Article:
There’s been an ongoing discussion on the CXPA’s LinkedIn group around an article listing the most effective journey mapping tools. Tools mentioned were Visio, a presentation tool and a spreadsheet. But this discussion isn’t really just about journey mapping. It goes to the heart of how we communicate with the rest of our organization. And it shows that sometimes we fall into the same traps that we try to keep the rest of the company out of: thinking about ourselves instead of our customers.
These tools are great for the Joe Friday approach (“Just the facts, ma’am”). And if all that you’re trying to do is catalog the steps a customer takes when they go through the journey, then go ahead and knock yourself out. Be a mediocre CX program. But you’re missing a real opportunity.
Understanding the steps of your customer’s journey is important, of course. But even more important is sharing what you find with the rest of the organization, helping them understand the journey and its ramifications. Build empathy for your customer, and what they have to do just to work with you. For that, you need to go beyond the facts, and into story. Don’t share 70 PowerPoint slides. Tell a story. Story-telling is the first tool you need for journey mapping, or for any communications about your customers and their needs. Yes, it’s an analog tool. But we learn best through stories. Stories move your organization in a way that facts never will.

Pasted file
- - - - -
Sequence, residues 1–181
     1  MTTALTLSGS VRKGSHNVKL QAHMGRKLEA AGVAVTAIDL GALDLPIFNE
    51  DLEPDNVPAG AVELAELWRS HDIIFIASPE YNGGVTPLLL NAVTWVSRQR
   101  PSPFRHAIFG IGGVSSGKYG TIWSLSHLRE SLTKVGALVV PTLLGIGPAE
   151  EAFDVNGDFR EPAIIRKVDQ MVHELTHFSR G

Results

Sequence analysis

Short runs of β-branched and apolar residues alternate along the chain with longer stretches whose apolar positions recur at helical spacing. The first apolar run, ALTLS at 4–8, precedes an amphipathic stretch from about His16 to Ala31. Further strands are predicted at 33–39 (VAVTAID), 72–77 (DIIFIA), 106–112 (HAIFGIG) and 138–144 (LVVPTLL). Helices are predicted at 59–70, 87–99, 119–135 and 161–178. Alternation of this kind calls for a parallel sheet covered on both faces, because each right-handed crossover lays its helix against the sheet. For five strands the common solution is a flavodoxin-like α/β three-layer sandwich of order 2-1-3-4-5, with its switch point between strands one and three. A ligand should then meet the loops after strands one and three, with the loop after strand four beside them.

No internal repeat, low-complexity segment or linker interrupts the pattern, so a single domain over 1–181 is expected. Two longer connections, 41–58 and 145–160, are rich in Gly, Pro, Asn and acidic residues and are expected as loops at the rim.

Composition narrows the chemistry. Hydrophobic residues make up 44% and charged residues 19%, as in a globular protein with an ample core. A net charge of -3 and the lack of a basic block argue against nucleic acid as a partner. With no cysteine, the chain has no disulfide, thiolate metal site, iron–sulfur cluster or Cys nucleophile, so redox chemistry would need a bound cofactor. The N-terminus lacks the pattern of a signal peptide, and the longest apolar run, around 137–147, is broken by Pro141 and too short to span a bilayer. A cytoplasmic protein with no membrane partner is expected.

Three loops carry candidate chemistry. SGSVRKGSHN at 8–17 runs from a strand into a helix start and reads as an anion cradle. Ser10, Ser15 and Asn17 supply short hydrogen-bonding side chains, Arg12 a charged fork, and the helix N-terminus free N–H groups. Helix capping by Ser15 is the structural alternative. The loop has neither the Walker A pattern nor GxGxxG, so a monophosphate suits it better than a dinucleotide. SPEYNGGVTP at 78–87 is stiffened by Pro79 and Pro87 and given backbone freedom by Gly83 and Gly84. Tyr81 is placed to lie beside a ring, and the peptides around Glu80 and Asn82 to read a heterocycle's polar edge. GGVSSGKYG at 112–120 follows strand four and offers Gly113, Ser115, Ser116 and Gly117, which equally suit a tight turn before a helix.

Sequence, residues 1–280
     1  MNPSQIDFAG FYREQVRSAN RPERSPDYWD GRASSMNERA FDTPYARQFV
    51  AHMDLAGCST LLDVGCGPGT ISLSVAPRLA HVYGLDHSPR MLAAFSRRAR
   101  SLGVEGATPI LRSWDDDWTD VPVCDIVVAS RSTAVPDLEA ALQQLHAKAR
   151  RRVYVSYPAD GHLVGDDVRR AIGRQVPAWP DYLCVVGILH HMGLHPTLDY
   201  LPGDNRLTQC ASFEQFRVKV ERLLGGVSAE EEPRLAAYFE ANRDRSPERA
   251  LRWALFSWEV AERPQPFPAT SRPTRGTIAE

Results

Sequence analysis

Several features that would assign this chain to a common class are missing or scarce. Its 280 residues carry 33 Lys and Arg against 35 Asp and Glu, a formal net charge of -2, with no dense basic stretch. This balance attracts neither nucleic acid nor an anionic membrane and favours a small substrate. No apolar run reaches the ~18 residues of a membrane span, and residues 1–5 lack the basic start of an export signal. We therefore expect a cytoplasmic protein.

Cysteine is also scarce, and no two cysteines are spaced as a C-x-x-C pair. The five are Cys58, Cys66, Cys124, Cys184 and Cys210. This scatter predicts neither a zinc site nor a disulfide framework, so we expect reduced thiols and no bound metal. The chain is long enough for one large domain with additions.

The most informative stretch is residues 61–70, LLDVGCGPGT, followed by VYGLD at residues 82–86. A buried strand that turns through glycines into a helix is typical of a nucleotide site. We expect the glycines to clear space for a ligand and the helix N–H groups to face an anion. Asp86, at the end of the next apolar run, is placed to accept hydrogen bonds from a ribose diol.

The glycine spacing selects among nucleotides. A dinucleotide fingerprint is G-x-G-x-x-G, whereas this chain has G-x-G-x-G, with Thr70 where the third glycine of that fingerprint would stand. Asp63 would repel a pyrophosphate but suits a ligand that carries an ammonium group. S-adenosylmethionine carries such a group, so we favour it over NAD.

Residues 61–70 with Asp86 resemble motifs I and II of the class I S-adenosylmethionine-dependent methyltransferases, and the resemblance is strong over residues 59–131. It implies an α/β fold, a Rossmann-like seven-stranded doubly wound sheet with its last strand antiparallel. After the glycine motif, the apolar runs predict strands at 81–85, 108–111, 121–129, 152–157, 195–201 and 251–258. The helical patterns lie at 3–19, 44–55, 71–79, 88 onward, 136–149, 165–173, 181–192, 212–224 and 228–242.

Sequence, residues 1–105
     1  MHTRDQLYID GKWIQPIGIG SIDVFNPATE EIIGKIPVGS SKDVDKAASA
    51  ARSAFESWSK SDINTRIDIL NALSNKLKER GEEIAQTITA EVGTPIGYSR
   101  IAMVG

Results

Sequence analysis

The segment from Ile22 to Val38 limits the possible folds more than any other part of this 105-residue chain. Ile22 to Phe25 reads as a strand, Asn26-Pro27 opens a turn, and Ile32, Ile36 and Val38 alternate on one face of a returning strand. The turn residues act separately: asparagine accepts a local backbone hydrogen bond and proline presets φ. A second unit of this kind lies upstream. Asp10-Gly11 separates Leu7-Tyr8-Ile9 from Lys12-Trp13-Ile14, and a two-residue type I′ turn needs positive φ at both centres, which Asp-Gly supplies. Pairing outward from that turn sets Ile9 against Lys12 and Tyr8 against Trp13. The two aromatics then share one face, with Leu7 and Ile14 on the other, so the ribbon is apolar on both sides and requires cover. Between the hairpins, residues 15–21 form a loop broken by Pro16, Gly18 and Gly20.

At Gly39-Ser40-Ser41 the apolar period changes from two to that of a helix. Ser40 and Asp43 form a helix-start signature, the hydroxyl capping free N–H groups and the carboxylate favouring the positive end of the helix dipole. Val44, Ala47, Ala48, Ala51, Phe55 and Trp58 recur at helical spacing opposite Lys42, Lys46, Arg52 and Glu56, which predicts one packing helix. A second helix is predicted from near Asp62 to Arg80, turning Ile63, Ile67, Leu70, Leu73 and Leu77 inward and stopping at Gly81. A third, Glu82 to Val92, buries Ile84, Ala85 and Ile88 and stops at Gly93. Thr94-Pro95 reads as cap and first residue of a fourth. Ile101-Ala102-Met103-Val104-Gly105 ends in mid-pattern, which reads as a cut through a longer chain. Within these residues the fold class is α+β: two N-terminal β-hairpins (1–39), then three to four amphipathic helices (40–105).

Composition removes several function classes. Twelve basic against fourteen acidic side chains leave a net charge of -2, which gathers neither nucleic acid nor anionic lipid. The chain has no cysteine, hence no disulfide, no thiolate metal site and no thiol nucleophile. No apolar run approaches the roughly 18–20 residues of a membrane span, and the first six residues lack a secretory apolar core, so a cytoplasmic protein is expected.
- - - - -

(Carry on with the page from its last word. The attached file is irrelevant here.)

Ask yourself, how do the best CX organizations tell their story? Think about Temkin Award Winner Oracle or CXPA Innovation Award Winner Blue Cross Blue Shield of Michigan. How do they do it? Not with PowerPoint!
In Oracle’s journey mapping workshops they do a very good job of story-telling, using compelling images to show how the customer experiences the company. Participants immediately understand the journey as a result.
BCBS built a journey mapping room to share their customer story, showing clearly how customers interact with the insurance company. Compelling media are the second tool to help immerse your employees in the experience. Images are good. Sample calls and videos are even better. We use videos in our journey mapping to show the emotions that are inherent to the journey.
However, you still need to build a journey map. It’s not always convenient to take your team over to your customer room, and you can’t bring oversized graphics to every meeting. A journey map is a good complement to these by showing your customers and your emotions. But you can’t create an effective map through spreadsheets or Visio – it takes InDesign or similar tools, paired with a skilled designer, to clearly communicate your story. Design is the third tool for communicating your customers’ story, whether through a journey map, a customer room, or any other method.
So the next time you get to communicate about your customers, ignore the temptation to dump the information into Visio or a spreadsheet. Instead, think analog. Consider how your employees will best learn, and use a story, compelling media and design to effectively share your customer’s journey.